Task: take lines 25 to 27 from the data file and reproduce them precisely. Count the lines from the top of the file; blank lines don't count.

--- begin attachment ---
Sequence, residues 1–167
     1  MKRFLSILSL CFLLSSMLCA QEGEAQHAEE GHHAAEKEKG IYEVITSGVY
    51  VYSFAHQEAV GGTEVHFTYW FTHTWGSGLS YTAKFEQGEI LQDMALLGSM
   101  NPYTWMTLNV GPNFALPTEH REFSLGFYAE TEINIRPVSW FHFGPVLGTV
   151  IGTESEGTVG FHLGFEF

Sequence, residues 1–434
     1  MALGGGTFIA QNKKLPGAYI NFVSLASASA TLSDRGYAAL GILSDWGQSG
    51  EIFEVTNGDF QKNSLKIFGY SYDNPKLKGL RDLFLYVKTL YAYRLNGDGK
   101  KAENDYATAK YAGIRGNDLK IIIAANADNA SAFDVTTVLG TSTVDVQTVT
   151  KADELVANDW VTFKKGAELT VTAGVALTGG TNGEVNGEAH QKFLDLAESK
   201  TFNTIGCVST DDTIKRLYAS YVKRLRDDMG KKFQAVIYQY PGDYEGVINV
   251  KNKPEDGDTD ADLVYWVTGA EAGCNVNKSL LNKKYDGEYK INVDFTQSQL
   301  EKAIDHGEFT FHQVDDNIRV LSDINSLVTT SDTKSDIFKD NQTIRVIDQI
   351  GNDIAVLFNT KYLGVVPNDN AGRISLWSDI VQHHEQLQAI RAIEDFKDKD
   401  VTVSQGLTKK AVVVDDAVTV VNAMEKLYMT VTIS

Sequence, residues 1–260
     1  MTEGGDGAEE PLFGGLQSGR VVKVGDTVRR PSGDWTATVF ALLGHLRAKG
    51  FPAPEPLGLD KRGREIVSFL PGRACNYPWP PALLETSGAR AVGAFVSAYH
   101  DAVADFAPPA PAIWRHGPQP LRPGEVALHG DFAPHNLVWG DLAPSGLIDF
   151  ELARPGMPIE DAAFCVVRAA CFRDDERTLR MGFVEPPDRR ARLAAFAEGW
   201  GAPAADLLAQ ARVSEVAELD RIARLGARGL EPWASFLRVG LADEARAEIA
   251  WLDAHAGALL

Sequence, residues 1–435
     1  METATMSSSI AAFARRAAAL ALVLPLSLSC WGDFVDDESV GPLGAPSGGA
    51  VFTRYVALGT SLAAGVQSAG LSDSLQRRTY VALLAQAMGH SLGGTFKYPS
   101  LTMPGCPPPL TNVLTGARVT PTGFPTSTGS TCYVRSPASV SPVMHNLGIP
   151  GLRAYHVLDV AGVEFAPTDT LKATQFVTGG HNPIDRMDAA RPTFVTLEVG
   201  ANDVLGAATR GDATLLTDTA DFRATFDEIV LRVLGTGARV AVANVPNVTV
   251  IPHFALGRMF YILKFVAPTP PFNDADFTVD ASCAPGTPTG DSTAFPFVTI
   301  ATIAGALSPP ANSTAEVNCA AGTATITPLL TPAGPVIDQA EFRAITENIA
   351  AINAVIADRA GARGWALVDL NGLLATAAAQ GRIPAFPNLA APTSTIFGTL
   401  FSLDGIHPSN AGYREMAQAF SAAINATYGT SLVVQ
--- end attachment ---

    51  VFTRYVALGT SLAAGVQSAG LSDSLQRRTY VALLAQAMGH SLGGTFKYPS
   101  LTMPGCPPPL TNVLTGARVT PTGFPTSTGS TCYVRSPASV SPVMHNLGIP
   151  GLRAYHVLDV AGVEFAPTDT LKATQFVTGG HNPIDRMDAA RPTFVTLEVG